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Structuring Decision Problems for Decision
Detlof von Winterfeldt
University of Southern California, firstname.lastname@example.org
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von Winterfeldt, Detlof, "Structuring Decision Problems for Decision Analysis" (1980). Published Articles & Papers. Paper 35. http://research.create.usc.edu/published_papers/35
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Acta Psychologica 45 (1980) 71-93
0 North-Holland Publishing Company
STRUCTURING DECISION PROBLEMS FOR
DECISION ANALYSIS *
Detlof von WINTERFELDT **
University of Southern
California, Los Angeles, CA 90007,
Structuring decision problems into a formally acceptable and manageable format is probably the most important step of decision analysis. Since presently no sound methodology for structuring exists, this step is still an art left to the intuition and craftsmanship of the individual analyst. After introducing a general concept of structuring, this paper reviews some recent advances in structuring research. These include taxonomies for problem identification and new tools such as influence diagrams and interpretative structural modeling. Two conclusions emerge from this review: structuring research is still limited to a few hierarchical concepts and it tends to ignore substantive problem aspects that delineate a problem it its real world context. Consequently structuring research has little to say about distinctions between typical problem classes such as regulation, siting, or budget allocation.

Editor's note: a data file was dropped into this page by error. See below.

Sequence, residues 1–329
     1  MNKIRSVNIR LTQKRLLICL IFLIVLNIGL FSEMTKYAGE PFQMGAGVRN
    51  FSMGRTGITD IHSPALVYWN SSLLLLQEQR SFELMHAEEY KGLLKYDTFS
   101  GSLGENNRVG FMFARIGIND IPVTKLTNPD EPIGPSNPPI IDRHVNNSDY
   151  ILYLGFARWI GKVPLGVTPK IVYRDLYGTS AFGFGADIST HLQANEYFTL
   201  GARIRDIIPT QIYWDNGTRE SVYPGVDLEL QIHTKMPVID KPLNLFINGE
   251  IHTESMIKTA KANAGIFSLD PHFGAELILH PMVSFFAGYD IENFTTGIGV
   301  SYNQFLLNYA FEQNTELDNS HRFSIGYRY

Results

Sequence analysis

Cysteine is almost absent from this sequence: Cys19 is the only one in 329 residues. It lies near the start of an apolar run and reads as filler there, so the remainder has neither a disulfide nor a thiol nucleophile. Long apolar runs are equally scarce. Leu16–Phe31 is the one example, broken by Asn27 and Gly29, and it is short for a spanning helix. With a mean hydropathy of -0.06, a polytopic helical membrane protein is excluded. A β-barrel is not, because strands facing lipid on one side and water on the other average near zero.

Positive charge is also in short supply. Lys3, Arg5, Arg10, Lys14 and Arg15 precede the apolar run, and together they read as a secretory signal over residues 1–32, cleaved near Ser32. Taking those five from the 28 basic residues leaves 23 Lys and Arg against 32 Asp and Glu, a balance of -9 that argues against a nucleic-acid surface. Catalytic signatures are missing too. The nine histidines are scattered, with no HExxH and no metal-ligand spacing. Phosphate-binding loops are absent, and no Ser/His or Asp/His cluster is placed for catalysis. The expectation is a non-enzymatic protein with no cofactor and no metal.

As an alternative the concept of “prototypical decision analytic structures” is introduced. Such structures are developed to meet the substantive characteristics of a specific problem (e.g., siting a specific Liquid Natural Gas plant) but they are at the same time general enough to apply to similar problems (industrial facility siting). As an illustration, the development of a prototypical analytic structure for environmental standard setting is described. Finally, some typical problem classes are examined and some requirements for prototypical structures are discussed.
An introduction to problem structuring
Decision analysis can be divided into four steps: structuring the problem; formulating inference and preference models; eliciting probabilities and utilities; and exploring the numerical model results. Prac* This research was supported by a grant from the Department of Defense and was monitored by the Engineering Psychology Programs of the Office of Naval Research, under contract # NOOO14-79C-0529. While writing this paper, the author discussed the problem of structuring extensively with Helmut Jungermann. The present version owes much to his thought. Please don’t take footnote 3 too seriously. It is part of a footnote war between Ralph Keeney and me. ** Presently with the Social Science Research Institute, University of Southern California, University Park, Los Angeles, CA 90007, (213) 741-6955.
D. von Winterfeldt /Structuring
titioners of decision analysis generally agree that structuring is the most important and difficult step of the analysis. Yet, until recently, decision analytic research has all but ignored structuring, concentrating instead
on questions of modeling and elicitation. As a result, structuring was, and to some extent still is, considered the ‘art’ part of decision analysis. This paper examines some attempts to turn this art into a science. Trees are the most common decision analytic structures. Decision trees, for example, represent
aspects of a decision
problem (see Raiffa 1968; Brown...
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